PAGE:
Perhaps one general flaw in Hegel’s view of history is to put too much stock in the “great man” theory. Really, the great men are usually hollow vessels for the masses who make History and move it forward.


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7 responses

10 10 2013
amosnduka

AFRICA is the home of mankind and world and civilization must have first originated from Africa ,but since European scholars like Hegel were racist they undermined us.

23 08 2012
Afcham

That is because he understood that the Black American had absorbed American racism, and they were imbued with European racist concepts about themselves. Black Americans are constantly bombarded with mainstream racial concepts and tacit Eurocentric racial concepts. After all the modern concept of race is European and is proselytized just like religion.

10 03 2012
Edmund Kohrt

That’s not me a driven businessman, but a driven artist. I never consider money. Beautiful things generate profits.
It always takes me greater than 3 weeks to arrange an excellent impromptu speech.

22 03 2011
Leah

I’ve always found it interesting that when the Black Power movement started, Elijah Muhammed (prophet of the Nation of Islam) forbade his followers to wear Afros, daishikis, and other pan-African symbols. Given that the NOI was/is known as a black nationalist movement this may sound odd. However, according to NOI literature, the “so-called Negro” is of “Afro-Asiastic” origin, (which I interpret to mean a mix of Arab, Moorish, and Ethiopian cultures), as opposed to Western Sub-Saharan Africa. In other words, even Elijah Muhammed thought he was too good for Africa.

22 03 2011
The 27th Comrade

I hope I am not the only one hoping that civilisation does not really take root in Africa, apart from some forms of allotropic and surgical medical techniques and the Christian faith, because this being-civilised usually comes with failure to breed. And God forever forbid that Africans fail to breed; that the place with the highest genetic diversity, which would once again regenerate humans should we ever radiate them into oblivion, should fail to breed.

21 03 2011
john burnett

Some years ago (1961) Jahnheinz Jahn wrote a book called *Muntu: African Culture and the Western World*, which i still think is one of the best things ever written on this issue of ‘how these societies will change when confronted with European technologies, media, and ideas’.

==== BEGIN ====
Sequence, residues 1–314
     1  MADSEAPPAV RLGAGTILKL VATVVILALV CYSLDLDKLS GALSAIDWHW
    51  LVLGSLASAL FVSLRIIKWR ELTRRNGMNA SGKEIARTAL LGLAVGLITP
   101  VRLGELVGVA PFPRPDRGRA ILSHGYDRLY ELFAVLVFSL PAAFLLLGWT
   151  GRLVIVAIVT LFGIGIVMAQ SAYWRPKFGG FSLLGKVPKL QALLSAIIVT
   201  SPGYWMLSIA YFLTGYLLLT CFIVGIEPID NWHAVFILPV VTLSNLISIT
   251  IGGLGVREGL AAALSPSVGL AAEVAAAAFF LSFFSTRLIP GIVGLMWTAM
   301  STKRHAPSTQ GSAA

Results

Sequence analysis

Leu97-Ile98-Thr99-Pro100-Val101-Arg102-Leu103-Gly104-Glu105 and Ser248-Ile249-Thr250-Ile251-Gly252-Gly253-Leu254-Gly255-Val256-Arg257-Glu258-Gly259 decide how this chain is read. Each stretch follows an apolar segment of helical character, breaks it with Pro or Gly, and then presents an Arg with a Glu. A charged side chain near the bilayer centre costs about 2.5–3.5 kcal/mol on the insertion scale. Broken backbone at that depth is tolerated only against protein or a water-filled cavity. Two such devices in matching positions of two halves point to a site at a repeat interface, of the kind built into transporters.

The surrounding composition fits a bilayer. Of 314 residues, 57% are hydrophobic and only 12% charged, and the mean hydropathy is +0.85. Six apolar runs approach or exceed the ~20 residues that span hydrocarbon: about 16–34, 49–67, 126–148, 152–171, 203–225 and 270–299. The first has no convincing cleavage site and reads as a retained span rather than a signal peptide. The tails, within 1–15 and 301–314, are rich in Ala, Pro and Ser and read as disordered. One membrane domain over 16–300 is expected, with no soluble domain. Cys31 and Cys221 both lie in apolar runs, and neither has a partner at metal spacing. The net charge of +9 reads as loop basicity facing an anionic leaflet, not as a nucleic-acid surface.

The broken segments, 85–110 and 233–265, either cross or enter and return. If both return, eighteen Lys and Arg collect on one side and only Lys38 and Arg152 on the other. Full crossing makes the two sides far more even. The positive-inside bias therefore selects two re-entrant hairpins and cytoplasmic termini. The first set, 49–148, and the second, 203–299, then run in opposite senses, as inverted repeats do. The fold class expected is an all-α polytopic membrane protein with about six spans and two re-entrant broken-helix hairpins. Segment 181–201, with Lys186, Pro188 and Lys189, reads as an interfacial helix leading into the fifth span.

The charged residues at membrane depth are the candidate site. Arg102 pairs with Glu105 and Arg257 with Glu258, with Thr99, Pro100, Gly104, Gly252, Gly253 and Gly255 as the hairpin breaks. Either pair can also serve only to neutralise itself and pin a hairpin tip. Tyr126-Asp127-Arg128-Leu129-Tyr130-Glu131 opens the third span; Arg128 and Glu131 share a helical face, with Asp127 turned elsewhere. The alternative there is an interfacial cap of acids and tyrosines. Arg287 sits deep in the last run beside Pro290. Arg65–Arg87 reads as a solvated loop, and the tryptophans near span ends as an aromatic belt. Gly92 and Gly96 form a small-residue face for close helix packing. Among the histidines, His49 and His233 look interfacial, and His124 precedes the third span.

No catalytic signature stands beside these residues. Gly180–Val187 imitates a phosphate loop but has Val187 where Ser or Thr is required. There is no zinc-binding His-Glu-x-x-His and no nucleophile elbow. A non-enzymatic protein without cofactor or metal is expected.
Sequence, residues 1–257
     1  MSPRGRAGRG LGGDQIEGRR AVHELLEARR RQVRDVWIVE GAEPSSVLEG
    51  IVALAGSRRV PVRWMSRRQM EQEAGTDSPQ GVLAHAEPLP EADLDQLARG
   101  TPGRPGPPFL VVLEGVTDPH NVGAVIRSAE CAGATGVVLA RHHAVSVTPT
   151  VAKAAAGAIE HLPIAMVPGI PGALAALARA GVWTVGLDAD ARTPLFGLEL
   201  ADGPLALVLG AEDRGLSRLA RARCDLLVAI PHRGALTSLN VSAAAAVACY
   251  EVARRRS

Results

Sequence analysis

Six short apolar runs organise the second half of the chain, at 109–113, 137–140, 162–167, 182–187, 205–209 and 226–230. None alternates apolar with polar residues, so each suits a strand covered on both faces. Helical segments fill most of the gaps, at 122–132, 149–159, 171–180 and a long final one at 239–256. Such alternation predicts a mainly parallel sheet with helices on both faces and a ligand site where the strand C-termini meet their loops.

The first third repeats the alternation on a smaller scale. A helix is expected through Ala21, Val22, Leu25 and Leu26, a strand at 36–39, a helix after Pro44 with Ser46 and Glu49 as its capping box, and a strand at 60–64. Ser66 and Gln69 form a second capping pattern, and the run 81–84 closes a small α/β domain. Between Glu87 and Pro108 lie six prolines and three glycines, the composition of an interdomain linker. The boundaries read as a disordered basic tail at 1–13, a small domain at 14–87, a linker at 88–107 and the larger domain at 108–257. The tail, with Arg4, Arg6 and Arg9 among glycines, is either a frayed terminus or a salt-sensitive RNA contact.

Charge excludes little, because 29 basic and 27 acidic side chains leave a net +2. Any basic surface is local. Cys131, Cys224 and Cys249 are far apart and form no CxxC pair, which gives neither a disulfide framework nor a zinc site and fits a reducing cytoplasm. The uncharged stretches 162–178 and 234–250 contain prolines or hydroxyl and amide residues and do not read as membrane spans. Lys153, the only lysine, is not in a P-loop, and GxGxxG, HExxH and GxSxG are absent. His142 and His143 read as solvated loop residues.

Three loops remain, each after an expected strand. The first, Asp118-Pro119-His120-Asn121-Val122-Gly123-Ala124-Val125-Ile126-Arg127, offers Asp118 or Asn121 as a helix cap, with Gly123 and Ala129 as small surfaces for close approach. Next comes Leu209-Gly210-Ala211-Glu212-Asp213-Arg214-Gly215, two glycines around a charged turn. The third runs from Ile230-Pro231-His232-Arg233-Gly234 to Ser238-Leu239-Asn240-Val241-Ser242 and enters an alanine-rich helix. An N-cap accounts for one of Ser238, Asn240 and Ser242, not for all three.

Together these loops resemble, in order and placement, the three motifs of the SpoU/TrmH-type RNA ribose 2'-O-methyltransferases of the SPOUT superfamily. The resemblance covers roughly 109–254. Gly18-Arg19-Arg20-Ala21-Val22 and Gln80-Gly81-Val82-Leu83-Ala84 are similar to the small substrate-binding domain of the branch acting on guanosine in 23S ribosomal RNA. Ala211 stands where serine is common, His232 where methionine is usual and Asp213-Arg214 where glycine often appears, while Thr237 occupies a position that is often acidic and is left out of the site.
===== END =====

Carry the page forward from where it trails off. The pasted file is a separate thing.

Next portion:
What I notice living here in Africa is that although everybody (in some countries anyway; the same could be said mutatis mutandis for francophone and lusophone regions) speaks english, nobody has any clue at all to english (or american) culture. I caught myself talking about the ‘yellow brick road’ the other day, with someone who had never heard of, much less seen, Oz. There’s an apartment building near me named Xanadu. Not one person I’ve talked to in this neighborhood has any idea of what that refers to. There’s also a porn shop down the road named Pleasure Dome. Equally absent is any idea that the apartment and the porn shop are surreally linked by the same poem. There’s a former coffee shop down on Rockey Street named ‘Apple Crumble’— same green formica® today as 30 years ago, when mom might have gone there for an actual apple crumble cake— but now the workers have no idea about that, and coffee is not on the menu. Instead, they serve pondu and mealie pap. David, virulently anti-homosexual, often wears a t-shirt with a big pink triangle on it. I don’t have the heart to tell him. Sometimes it’s just more fun to sit back and watch it all unfold. And in this environment, absolutely anything is likely to happen, because one thing i can say about africans is, when they take a mind to something, they can be creative— and they don’t care who’s looking!

21 03 2011
Turmarion

Jared Diamond, in his fascinating (and Pulitzer-Prize winning) Guns, Germs, and Steel, discusses the relative backwardness of Sub-Saharan Africa. Any summary does it no justice, but the main themes are the lack of any domesticable draft animals below the Sahara (e.g. for all their genetic similarity to horses, zebras are literally untamable) and the desert and jungle barriers to rapid cultural diffusion. The cultural stagnation was thus real, but resulted not from inferiority of the Africans peoples, but of bad geographic and environmental hands dealt them.

Things happen because they have to happen, because the laws of motion of society create conditions in which History must move in a certain direction.

This is emblematic of where I disagree with Hegel, and in the same vein, with Marx. Since history runs only once, and can’t be re-wound, tweaked, and observed again, we can never really be sure just how inevitable historical processes are. It seem, in any case, that the Hindu and Chinese civilizations were, at least at certain points, the equal or superior of European civilization, but followed very different courses. This, to me, indicates the lack of generalizability of Hegel’s (and Marx’s) dialectic. Btw, Diamond talks about the issues involved with those civilizations, too, in the aforementioned book.